COLUMBIA, S.C. -- In a terse warning, South Carolina's governor urged thousands of people in low-lying areas near the coast to evacuate Thursday before a mass of water rumbling toward the ocean floods some places for up to two more weeks.
Gov. Nikki Haley said at a news conference that people in flood-prone parts of four counties should "strongly consider evacuating," including the 10,000 residents of Georgetown. Officials expect to close two of the main state roads out of the historic town in the coming days.
She asked people watching on television to call relatives who may have a false sense of confidence from surviving hurricanes, calling the second round of expected flooding "a different kind of bad." She said the standing water could last up to 12 days.
"We are having an issue getting those people to leave because they have been in hurricane situations," she said.
Haley said flooding is expected in Georgetown in the next 12 hours, followed by Jamestown and the Givens Ferry area in the next 72 hours.
The warning applies to parts of Dorchester, Charleston, Georgetown and Williamsburg counties near the rising Waccamaw and Edisto rivers, but technically it isn't a mandatory evacuation order, said South Carolina Emergency Management Division Director Kim Stenson. Officials couldn't put a number on how many people are affected, but the counties have a combined 600,000 residents.
Haley planned to travel to the four counties Thursday afternoon. "Our number one goal is to convince those people to get out of their homes," she said.
CBS correspondent David Begnaud reported that the military was helping shore up the state's water management system with helicopters dropping more than 700 bags of rock and sand weighing roughly 3,000 pounds each near the breached Columbia Canal in the state capital.
Crews have also managed to stabilize the Beaver Dam where a breach threatened nearly 1,000 people. But concerns over the structures remain statewide.
The number of South Carolina dams being monitored by emergency officials has grown from 62 to 70 across the state as rising waters crest toward the coast.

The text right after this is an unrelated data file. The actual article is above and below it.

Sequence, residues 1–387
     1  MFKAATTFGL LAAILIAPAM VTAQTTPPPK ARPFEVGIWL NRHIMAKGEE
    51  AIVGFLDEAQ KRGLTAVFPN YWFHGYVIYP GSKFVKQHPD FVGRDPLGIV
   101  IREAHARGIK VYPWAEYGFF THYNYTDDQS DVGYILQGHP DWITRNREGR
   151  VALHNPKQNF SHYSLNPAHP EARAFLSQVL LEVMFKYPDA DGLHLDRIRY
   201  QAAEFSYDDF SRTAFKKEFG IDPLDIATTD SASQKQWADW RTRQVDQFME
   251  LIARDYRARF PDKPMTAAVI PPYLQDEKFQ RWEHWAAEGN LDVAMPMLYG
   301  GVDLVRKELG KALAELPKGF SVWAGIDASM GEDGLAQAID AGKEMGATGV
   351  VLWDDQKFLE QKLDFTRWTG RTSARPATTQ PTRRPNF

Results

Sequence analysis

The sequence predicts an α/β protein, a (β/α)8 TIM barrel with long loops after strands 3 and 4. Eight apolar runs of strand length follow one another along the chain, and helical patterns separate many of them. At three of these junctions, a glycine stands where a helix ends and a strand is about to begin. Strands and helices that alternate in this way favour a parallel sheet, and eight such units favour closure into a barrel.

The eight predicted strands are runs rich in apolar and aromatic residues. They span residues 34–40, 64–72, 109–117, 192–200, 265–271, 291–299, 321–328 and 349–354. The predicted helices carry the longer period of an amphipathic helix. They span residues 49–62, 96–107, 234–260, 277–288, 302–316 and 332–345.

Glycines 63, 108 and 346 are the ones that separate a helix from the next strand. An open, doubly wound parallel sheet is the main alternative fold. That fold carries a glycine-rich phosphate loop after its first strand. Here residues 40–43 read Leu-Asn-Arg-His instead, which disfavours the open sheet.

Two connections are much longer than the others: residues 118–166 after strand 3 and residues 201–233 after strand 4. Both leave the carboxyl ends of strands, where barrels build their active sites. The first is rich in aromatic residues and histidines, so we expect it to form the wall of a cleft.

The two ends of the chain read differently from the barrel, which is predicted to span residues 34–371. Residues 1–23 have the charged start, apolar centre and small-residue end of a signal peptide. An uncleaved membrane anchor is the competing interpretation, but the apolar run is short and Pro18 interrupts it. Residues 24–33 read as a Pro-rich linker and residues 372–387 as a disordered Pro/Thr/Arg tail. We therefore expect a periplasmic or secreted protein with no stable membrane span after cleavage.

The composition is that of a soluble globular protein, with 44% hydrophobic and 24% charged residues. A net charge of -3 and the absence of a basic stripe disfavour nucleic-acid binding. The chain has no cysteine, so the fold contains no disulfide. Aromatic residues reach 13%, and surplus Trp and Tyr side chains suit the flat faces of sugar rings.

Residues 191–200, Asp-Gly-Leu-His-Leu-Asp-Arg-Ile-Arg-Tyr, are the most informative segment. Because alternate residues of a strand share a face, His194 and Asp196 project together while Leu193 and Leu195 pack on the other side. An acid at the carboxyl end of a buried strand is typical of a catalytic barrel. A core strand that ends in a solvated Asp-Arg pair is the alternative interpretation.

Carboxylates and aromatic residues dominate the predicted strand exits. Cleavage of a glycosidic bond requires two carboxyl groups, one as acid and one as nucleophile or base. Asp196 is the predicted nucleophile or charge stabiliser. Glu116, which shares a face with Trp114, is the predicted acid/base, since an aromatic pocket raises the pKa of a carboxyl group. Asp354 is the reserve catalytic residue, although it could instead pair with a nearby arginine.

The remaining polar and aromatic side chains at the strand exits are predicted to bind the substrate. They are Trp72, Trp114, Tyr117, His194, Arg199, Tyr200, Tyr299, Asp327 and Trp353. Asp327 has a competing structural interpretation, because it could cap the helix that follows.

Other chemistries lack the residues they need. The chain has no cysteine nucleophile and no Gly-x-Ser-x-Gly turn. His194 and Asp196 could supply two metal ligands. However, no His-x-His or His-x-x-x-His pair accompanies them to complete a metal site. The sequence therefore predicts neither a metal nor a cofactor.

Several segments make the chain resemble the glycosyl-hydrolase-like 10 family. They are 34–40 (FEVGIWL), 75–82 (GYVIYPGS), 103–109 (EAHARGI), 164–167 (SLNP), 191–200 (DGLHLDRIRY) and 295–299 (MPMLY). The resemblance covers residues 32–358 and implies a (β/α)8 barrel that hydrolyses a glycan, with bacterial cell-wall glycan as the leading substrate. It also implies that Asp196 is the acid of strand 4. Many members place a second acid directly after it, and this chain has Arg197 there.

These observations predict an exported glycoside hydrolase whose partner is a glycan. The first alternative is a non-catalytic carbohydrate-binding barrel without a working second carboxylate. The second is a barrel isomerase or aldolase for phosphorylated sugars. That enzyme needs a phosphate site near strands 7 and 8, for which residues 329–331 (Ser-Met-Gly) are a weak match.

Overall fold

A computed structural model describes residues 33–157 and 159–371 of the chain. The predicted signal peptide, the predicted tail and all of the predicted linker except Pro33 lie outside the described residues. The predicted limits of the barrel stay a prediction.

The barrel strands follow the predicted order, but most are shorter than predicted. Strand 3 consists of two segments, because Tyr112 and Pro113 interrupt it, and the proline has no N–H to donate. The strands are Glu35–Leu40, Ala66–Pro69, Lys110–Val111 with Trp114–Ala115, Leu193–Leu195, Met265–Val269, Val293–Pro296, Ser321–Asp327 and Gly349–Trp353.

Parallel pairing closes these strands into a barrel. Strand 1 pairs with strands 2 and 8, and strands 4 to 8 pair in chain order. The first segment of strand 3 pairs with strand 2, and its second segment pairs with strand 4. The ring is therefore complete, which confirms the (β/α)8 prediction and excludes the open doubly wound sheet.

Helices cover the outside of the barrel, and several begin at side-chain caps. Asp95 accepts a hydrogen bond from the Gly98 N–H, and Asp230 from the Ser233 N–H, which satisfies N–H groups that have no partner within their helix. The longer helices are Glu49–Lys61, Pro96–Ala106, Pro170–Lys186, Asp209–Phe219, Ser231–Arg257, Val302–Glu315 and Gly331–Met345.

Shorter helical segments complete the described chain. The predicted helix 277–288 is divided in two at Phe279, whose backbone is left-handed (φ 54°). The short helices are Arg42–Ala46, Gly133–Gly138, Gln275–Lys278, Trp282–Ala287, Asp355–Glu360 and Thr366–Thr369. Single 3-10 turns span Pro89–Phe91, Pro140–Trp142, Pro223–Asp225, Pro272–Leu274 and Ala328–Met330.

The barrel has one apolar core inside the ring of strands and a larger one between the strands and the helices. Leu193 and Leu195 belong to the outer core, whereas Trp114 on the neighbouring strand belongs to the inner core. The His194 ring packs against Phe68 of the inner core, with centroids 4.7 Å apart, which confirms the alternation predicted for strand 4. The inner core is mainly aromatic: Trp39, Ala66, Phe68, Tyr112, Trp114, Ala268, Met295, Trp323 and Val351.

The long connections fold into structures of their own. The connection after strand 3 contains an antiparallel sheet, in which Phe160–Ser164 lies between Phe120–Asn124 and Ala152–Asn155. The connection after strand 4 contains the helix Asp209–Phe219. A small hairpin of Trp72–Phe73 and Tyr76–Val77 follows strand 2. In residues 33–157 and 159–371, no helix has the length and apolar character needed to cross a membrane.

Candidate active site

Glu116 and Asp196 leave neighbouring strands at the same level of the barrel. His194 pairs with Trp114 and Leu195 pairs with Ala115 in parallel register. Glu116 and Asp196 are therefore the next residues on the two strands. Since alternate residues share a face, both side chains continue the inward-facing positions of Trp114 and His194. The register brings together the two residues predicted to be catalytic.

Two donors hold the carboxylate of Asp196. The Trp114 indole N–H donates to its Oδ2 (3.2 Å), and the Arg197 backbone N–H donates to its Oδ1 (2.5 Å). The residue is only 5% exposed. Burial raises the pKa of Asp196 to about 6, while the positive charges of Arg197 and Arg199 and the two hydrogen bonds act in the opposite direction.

Gov. Haley has come under fire for a lack of preparedness in what is called a "thousand year storm." The state has suffered 14 dam failures as of Wednesday compared to zero dam failures in hard hit North Carolina.
There are about 50,000 dams in South Carolina, but only 2,200 are large enough to be regulated by the state through the South Carolina Department of Health and Environmental Control.
South Carolina's spending on inspections and maintenance in 2013 was $260,000, roughly 10 percent of North Carolina's 2 million dollar budget.
Earlier, city officials sought to dispel rumors the Columbia was on the verge of running out of water. Despite a setback involving efforts to plug a breached dam near the main water treatment plant, workers had already been working on an alternative plan to pump water directly from another location on the river, Assistant City Manager Missy Gentry said.
Officials said efforts to secure the city's water supply will succeed.
"There are no plans to shut off the water system," Mayor Steve Benjamin said. "Zero plans."
The Federal Emergency Management Agency said at least 16 counties had been declared disaster areas.
South Carolina's top agriculture official said he estimates the state may have lost more than $300 million crop losses in recent flooding. Commissioner Hugh Weathers said he flew over flooded areas several times this week and his initial estimate is conservative.
U.S. Senator Lindsey Graham warned the disaster could "break the bank" of federal emergency funds, possibly topping more than $1 billion.
Coast guard crews searched remote areas of South Carolina Wednesday for anyone left stranded from this historic flooding and rescued an 88-year-old-woman running low on medical supplies. Her family was worried water levels could rise high enough to put her in danger.
South Carolina has suffered 17 of the 19 weather-related deaths in the continuing catastrophe.